Look in that PDF, Pg 340, 27.1.8 Pin Driver Strength. In that section, on Pg 341, see the graph Figure 27-24. I/O Pin Output Voltage vs. Source Current(VCC = 5 V). It only tells part of the story, but if you assume that output current sourcing is linear, then with 4.5V @ 18mA of source current, that would extrapolate to about 180mA max in the initial short-circuited state when an uncharged 2nF capacitor is connected and the output is set to High. Since this decays from 180mA (or whatever the short circuit current max is) to 0mA as the 2nF Gate capacitance charges, you'll get a much longer rise time.

This link seems to explain it:
http://joost.damad.be/2012/09/dimming-12v-led-strip-with-mosfet-and.html (http://joost.damad.be/2012/09/dimming-12v-led-strip-with-mosfet-and.html)
Title: Re: Transistor types
Post by: polymorph on Jul 05, 2013, 02:09 am
I should also point out that while you -can- connect many MOSFET gates directly to an Arduino output, it would be a better idea to use a driver circuit. Because the maximum rated current output of an Arduino is 40mA at any one pin, and driving into a 2nF capacitance is going to cause charge and discharge pulses significantly higher than this. Your Arduino may keep working, but that doesn't mean it is a good idea or that it is not damaging it.

We seem to be illustrating my point nicely: Read those links that LarryD posted. There is a lot more to know about transistors than can be imparted in a few posts on a forum.
Title: Re: Transistor types
Post by: polymorph on Jul 05, 2013, 02:21 am


Bipolar transistor gain goes down when saturated,

No?


Perhaps more accurately stated:

If you require 100mA with an NPN bipolar transistor as a saturated switch, with a rated Beta of 100, it would be unwise to drive the Base with only 1mA of current. Beta varies with time, temperature, and from transistor to transistor. So I would always overdrive the transistor a bit.

Again, this goes back to my point that the original poster really needs to check out LarryD's links.
Title: Re: Transistor types
Post by: kimkash on Jul 05, 2013, 02:19 pm
Thank you all for the comments and help,i found what i needed and those links are very helpful for the future!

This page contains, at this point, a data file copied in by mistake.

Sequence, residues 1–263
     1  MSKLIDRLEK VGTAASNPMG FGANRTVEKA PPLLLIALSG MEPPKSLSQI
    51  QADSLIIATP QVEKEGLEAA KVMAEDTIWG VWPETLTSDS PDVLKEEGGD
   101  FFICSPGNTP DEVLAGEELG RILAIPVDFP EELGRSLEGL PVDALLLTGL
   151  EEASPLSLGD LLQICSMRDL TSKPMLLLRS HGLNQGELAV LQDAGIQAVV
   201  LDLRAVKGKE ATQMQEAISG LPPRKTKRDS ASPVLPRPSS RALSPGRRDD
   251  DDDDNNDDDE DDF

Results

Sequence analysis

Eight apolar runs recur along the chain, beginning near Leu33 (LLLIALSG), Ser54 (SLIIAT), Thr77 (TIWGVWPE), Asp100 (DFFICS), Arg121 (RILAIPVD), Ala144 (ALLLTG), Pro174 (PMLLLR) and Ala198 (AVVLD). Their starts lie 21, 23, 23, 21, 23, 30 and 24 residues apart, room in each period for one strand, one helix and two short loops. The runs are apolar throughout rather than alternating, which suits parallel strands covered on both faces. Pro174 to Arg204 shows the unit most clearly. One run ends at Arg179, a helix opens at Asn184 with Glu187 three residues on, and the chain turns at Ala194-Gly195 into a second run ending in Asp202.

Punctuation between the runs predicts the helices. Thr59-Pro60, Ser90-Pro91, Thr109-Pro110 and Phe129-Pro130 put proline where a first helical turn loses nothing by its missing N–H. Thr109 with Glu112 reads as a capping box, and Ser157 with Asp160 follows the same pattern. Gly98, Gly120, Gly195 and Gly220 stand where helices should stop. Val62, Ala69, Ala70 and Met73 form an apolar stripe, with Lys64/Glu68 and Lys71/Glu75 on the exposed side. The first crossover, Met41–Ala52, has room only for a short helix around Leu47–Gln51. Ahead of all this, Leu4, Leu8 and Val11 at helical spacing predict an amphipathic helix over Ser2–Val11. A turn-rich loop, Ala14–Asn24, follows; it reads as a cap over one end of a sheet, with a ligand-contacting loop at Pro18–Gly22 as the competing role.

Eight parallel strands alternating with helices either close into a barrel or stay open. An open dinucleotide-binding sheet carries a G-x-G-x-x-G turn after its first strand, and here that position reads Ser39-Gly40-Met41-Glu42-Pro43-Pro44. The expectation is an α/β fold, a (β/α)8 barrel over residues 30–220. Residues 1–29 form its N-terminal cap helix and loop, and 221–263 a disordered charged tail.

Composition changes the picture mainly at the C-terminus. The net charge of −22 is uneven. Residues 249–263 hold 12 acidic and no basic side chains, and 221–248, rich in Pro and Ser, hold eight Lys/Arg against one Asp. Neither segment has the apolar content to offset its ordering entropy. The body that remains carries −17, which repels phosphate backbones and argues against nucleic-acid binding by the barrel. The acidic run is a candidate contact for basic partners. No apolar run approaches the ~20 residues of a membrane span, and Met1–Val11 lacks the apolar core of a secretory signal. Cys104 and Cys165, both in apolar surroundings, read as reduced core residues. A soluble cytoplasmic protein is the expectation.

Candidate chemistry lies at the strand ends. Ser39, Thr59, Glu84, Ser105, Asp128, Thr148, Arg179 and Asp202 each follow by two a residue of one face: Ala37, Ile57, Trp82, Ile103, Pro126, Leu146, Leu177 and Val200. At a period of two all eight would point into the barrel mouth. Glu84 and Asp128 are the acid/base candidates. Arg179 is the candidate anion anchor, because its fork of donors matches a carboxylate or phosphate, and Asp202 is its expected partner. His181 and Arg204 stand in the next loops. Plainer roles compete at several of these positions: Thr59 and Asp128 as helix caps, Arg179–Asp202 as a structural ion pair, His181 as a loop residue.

Title: Re: Transistor types
Post by: BillO on Jul 05, 2013, 05:43 pm


For instance, a MOSFET does not require a resistor between the Arduino and its Gate.


Yes it does, and for the same reason as a BJT, ie. to stop more than 40mA coming out of the Arduino pin.



Not always.  Mostly in high frequency situations (such as PWM, but not limited to this) and only usually with those MOSFETS that have fairly high capacitance gates.  For most situations where you just want switch on and off a device now and then, there is usually no need for a gate resistor.

For instance, the gate capacitance of a 2N7000 is 20pf.  If an AVR could not drive 20pf without using a current limiting resistor they wouldn't be very useful, would they?  The internal resistance of the output circuit of an AVR would be enough to limit the average current into 20pf to under 40ma under almost any imaginable application.

Something like a FQP50N06 might be a whole different story.  With a gate capacitance of about 1200pf you would possibly need a resistor for PWM or other such continuous medium to high frequency applications.  But even it should not require a gate resistor for occasional on/off operation, like turning a relay, motor, solenoid or lamp fully on or off when required.  Taking a look at the specs of the AVR, and given that the output resistance of the AVR is about 25 ohms (at 5V) then the time to charge the gate of the FQP50N06 would be about 30ns.   So, the current would likely never exceed and average of over 40ma for the 30ns.  I guess this could be tested by actually measuring the current into the gate at various frequencies.

One thing I did notice in the ATmega328 specsheet that seems a bit odd.  they quote the clock period correctly at 50ns when running at 20mHz, but say that the clock rise an falls times are 500ns each.  Wouldn't that mean the max clock frequency would be 1mHz?  Odd.  Must be an error.
Title: Re: Transistor types
Post by: fungus on Jul 05, 2013, 06:12 pm

For instance, the gate capacitance of a 2N7000 is 20pf.  If an AVR could not drive 20pf without using a current limiting resistor they wouldn't be very useful, would they?


No, but that's a 2N7000 is a tiny little MOSFET that can't even handle the same current as an average BJT. TO220 size logic-level MOSFETs (the kind most breadboarding people will use) have a capacitance more in the region of 2uF.

As a rule of thumb, in a publicly readable forum where we have no idea what MOSFETs people are going to use, can we pretend that MOSFETs need a current limiting resistor?
Title: Re: Transistor types
Post by: BillO on Jul 05, 2013, 06:14 pm

Assume 3.6ns rise time for Arduino output


Not a good idea.  I'd be loath to assume the SPI outputs are typical as these pins are designed for general SPI compatibility .  Look at the spec for the 2-pin interface.  They are likely more typical (20+ ns).